22 November 2023

Businesses will welcome today’s Autumn Statement, but what about the rest of us?


The scale of briefing, leaking and kite flying accompanying today’s Autumn Statement was such that it was almost impossible to be surprised by any of the measures announced. But if we learned anything, it’s that Jeremy Hunt is clearly an avid CapX reader. Many of his announcements, from full expensing to pension reform, have been called for by authors on this site.

Even the Chancellor admitted at the despatch box that going through all the 110 new measures introduced would be an onerous task, so let’s examine the most salient policies.

First on the agenda, and to the joy of business advocates across the land, is the decision to make full expensing permanent. The policy, first introduced in the March Budget as a temporary measure to end in 2026, allows businesses to immediately deduct the full cost of most types of machinery and equipment from their corporate tax bill. For a while, this has vastly improved our corporate tax regime and made Britain a more attractive place to set up shop – or at least partly compensated for the rise in corporation tax.

CapX readers don’t need to be told that our economic growth is sclerotic, and an essential ingredient to changing this is encouraging businesses to invest in Britain. This, as Sam Dumitriu pointed out on these pages only last week, and as our colleagues at the Centre for Policy Studies have said repeatedly, requires businesses being confident that they’ll make a good return on their investment after tax. Not only will permanent full expensing give firms the confidence they need, but it will also enhance our overall international tax competitiveness, which currently languishes near the bottom of the OECD.

Another welcome announcement made by the Chancellor today was reform pension funds to ‘increase the flow of capital going to our most promising growth companies in a way that also improves outcomes for savers’. Currently, as Zachary Spiro has highlighted, UK pensions invest four times less in start-ups than their Australian counterparts, nine times less than America’s and fifteen times less than Canada’s. Correcting this and opening up untapped pension funds will unlock billions of pounds for groundbreaking British start-ups and consequently propel us forward in the global science race. An undoubted policy win.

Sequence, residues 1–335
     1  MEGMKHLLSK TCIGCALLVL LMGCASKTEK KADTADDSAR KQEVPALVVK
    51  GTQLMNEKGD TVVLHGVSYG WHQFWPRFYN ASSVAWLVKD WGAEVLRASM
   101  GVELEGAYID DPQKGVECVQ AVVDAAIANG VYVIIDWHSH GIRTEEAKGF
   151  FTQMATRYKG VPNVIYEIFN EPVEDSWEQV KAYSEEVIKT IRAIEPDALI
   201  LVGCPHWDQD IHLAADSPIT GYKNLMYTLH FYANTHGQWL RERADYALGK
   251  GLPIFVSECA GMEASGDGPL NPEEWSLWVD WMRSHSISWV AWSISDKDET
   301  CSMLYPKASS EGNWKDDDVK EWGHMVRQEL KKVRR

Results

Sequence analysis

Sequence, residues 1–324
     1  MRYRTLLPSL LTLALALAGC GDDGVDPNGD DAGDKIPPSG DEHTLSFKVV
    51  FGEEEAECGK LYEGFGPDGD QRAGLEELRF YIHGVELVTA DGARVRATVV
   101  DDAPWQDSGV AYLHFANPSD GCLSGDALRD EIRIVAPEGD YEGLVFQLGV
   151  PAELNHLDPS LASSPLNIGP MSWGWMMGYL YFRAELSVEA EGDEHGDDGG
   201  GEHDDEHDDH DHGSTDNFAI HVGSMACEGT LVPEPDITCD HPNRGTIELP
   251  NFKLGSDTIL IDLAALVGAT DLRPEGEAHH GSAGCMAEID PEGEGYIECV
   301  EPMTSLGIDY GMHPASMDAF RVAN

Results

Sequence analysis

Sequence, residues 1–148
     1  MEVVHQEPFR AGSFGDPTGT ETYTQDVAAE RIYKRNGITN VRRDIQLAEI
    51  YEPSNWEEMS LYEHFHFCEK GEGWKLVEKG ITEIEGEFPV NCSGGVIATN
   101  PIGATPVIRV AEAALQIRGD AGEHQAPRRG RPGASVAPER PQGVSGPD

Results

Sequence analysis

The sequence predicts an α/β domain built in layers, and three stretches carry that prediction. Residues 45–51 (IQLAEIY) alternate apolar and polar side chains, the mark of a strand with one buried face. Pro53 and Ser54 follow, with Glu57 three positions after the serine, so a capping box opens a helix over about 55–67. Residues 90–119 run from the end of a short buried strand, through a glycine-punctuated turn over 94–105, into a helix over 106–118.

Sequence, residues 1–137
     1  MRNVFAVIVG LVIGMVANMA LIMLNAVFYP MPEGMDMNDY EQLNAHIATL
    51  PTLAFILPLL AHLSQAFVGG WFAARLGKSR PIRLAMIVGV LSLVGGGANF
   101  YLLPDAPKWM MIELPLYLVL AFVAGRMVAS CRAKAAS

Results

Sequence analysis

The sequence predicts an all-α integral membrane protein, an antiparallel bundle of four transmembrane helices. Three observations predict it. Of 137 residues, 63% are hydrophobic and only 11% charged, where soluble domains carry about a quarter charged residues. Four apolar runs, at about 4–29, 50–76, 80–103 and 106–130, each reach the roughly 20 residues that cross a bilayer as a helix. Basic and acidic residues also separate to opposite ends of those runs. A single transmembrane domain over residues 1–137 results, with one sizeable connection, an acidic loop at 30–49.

These boosts to investment alongside the reduction of the main rate of National Insurance from 12% to 10% certainly tease free market instincts. However all is not quite as it seems.

On the surface, the move to raise the national living wage from £10.42 to £11.44 an hour looks like something to celebrate. Surely we should laud the Chancellor’s altruism? Not necessarily. Not only will it increase financial pressure on businesses, but it’s a small win for workers when you consider how many people are paying more tax despite not being better off in real terms due to fiscal drag caused by frozen thresholds.

The real kick in the teeth, however, was Jeremy Hunt’s proud devotion to the triple lock on pensions and, by extension, to Britain’s emerging status as a gerontocracy. If our economy is to grow at anything near the rate we need over the coming years, the government must balance the need to protect pensioners with policies which enable home ownership and increase housebuilding, as well as easing burdens on working families. It is also extremely telling that the government has chosen to raise state pension payments by 8.5%, while only increasing in-work benefits by 6.7% – leaving us under no illusion as to which demographic the Tories hope to appeal to next year.

Fundamentally, while many of today’s announcements were indeed welcome, one can’t help but wonder what position we’d be in today had policymakers heeded the warnings of CapX contributors earlier. Although moves such as permanent full expensing and pension reform signal a much-needed change of tack, they should have been implemented long ago. Sadly, after 13 years, it seems unlikely that today’s ‘Autumn Statement for growth’ will be enough to revive the government’s electoral prospects.

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Joseph Dinnage is Deputy Editor CapX